friendly, and humorous. The story is filled with family connections (both
relational and families of friends or coworkers), some full of love and
understanding and some underlined with distrust.
One unusual thing about Penny’s writing is her use of
omniscient point of view. You might even call it “head-hopping.” She often jumps
POV from one character to another and back. I found it distracting at times,
but overall, she did a reasonable job of making it feel seamless.
The setting in Canadian winter made me feel the chill and
the crunch of the snow underfoot. The plot was interesting. Occasionally I was
ahead of the story and guessed what would happen, other times I was surprised.
I may go back in time and read other novels in Ms. Penny’s Gamache
Never Tell is a
book of secrets told from three women’s POVs. Evie Carter finds her husband
dead—murder or suicide—picks up the gun and shoots his computer. Homicide
detective D.D. Warren knows Evie as a girl who sixteen years ago “accidentally”
shot and killed her own father. D.D.’s civilian informant, Flora Dane, sees a
picture of Evie’s dead husband and recognizes him as someone she met while a
kidnap victim of Jacob Ness.
The three distinctive characters are well-defined and
interesting, revealing secrets as the story progresses and uncovering other
secrets about Evie’s husband, father, and mother, and about Flora’s kidnapper. Peripheral
characters are also distinct and interesting. The setting is in Boston, my
favorite city. The complex plot kept me guessing.
An excellent novel by a first-rate author.
Seven teenagers go camping and only six return. A massive search
doesn’t turn up Aurora, at fourteen, the youngest of the group. Thirty years
later, her body is found in a hollow
beneath a tree along with remnants of a stash of drugs.
The timeline alternates
between current and the night of the murder. Point-of-view shifts
between cops and campers, both present and thirty years prior. The author does
a good job of switching time and POV, and I didn’t find it confusing.
Lodge paints good pictures of each of her many characters—four
police and the six campers (seven with Aurora)—each character unique. She even
adds a couple of extras into the mix. It may be a little overload on character
She keeps us guessing about the murderer, but I did have an
idea of who it was early in the story. The plot could be a little slow for some
readers, but I found the details of police procedural interesting.
A good first novel. I look forward to the next book in the
series with DCI Jonah Sheens.
Michael Swann is in Penn Station when a bomb goes off. His wife Julia believes he’s alive and is obsessed with finding him.
I have mixed feelings about this book. The plot was good and characters were interesting. I read some reviews and some readers were surprised at the twist at the end. But I had it figured out early, maybe by the middle of the book.
The point of view switched back and forth between Julia and an unknown man with no memory who escaped the bombing. Scenes with Julia trying to find Michael with no idea of where she was going or how to find him alternated with her memories—good and bad—of their marriage. Sometimes this was easy to follow and sometimes disjointed. I became irritated with Julia’s wild search as the story progressed. There was no logic to what she was doing; she acted in panic mode throughout the book.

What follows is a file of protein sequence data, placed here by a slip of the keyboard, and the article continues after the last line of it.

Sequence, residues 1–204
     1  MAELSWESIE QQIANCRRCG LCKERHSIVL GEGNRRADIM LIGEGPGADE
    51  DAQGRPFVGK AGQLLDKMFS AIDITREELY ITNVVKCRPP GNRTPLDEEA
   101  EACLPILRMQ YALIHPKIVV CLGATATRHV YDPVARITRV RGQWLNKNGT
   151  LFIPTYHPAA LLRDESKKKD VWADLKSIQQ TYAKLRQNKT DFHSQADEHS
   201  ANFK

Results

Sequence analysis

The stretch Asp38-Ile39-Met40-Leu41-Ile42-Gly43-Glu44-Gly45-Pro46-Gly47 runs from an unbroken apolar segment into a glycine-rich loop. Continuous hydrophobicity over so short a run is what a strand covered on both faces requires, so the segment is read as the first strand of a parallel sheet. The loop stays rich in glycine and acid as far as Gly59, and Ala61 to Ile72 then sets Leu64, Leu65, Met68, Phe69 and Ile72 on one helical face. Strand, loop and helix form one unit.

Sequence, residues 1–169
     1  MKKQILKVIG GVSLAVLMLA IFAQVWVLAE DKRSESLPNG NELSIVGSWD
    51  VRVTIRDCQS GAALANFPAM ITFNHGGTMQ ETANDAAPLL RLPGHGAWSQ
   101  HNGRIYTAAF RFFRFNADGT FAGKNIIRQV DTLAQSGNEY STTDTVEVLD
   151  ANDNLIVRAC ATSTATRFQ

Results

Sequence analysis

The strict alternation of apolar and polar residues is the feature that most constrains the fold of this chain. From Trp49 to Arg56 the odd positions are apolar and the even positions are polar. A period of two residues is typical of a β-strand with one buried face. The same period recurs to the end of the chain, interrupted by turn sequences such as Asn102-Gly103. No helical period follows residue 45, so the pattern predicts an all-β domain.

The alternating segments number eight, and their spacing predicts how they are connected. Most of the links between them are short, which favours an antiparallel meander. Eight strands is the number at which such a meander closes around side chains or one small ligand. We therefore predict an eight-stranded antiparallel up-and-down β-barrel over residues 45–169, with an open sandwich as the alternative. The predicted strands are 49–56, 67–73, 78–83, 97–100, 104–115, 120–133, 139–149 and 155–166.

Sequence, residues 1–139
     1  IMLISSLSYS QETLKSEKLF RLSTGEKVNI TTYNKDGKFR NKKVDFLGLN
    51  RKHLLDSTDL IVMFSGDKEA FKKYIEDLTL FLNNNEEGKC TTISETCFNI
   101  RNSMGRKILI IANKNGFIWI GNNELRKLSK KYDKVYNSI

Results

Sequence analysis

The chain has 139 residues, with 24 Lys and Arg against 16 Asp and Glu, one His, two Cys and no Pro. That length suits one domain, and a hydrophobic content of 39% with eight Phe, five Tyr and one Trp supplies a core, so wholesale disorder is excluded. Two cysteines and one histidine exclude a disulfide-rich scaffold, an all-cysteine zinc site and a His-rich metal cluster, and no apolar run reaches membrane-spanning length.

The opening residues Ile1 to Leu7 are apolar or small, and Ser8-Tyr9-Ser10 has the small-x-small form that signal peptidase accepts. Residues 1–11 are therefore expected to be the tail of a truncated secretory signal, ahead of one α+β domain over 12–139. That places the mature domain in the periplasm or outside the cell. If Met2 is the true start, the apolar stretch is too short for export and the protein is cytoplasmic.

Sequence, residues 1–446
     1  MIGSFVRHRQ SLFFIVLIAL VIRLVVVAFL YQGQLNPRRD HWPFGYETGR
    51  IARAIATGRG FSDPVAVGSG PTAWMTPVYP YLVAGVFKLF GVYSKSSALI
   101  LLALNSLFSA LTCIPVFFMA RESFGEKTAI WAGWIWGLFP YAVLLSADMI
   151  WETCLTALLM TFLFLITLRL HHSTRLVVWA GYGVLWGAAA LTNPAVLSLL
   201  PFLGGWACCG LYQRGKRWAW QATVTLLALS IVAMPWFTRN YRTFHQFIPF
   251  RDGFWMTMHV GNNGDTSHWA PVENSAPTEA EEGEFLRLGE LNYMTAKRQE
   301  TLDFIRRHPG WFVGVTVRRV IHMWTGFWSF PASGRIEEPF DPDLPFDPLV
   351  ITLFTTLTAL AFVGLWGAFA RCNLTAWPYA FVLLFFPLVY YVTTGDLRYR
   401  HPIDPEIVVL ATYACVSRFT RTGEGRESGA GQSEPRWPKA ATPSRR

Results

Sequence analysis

Overall this was a good read. What would you do if a member of your family was caught in a terror attack, and you didn’t know if he or she was alive or dead? What would you do if the police and media started accusing that family member of being connected to the attack?
Star’s End is the ultimate in corporate control. A science fiction story about the Four Sisters, four planets terraformed by Phillip Coromina. He not only owns the planets, he owns the people who inhabit them. Any person who doesn’t follow company rules disappears. Exiled or killed? The family business manufactures weapons. One product of the company is manufactured humans who are programmed in their DNA to be soldiers. They fight wars across the galaxy alongside normal human mercenaries hired by the corporations. The manufactured soldiers are programmed to be loyal to each other and the corporations.
The protagonist in Star’s End is Phillip’s oldest daughter, Esme. Her mother is a soldier who left her to be raised by Phillip when she was born. Esme’s three-hundred-year-old father is dying. He has a disease which kills even those taking rejuvenation treatments. She is taken by surprise, but she has been waiting a long time. Esme will become CEO of Coromina Group. She wants to change the path of the company and no longer manufacture weapons.
There are also aliens living on the planets. Philip isolated them long ago and they have no contact with the humans. Sounds familiar, doesn’t it? Fear the aliens; fear anyone different from you instead of learning to live together; creating wars for profit.
Esme’s three younger half-sisters have all disappeared. She is trying to track them down and bring them home before her father dies. Each sister chose to leave when they found out how cruel their father was and what he had done to Isabel, the youngest. But Esme has stayed to work from inside to improve the system.
The novel jumps between present and past. The past POV is Esme, first person past, and the present is Esme, third person past. There are many secrets that we don’t learn until events occur in the past chapters or until Esme reaches a level in the corporation to learn them. Phillip is all about secrets. You are privy to more of what’s happening as you go up the ranks of the company. At the end of the story, Esme is one of the few Ninety-Nines, the highest level who can know all the secrets.
An interesting novel, obviously anti-corporate. I enjoyed it, even if I found Esme reluctantly following her father’s orders hard to take.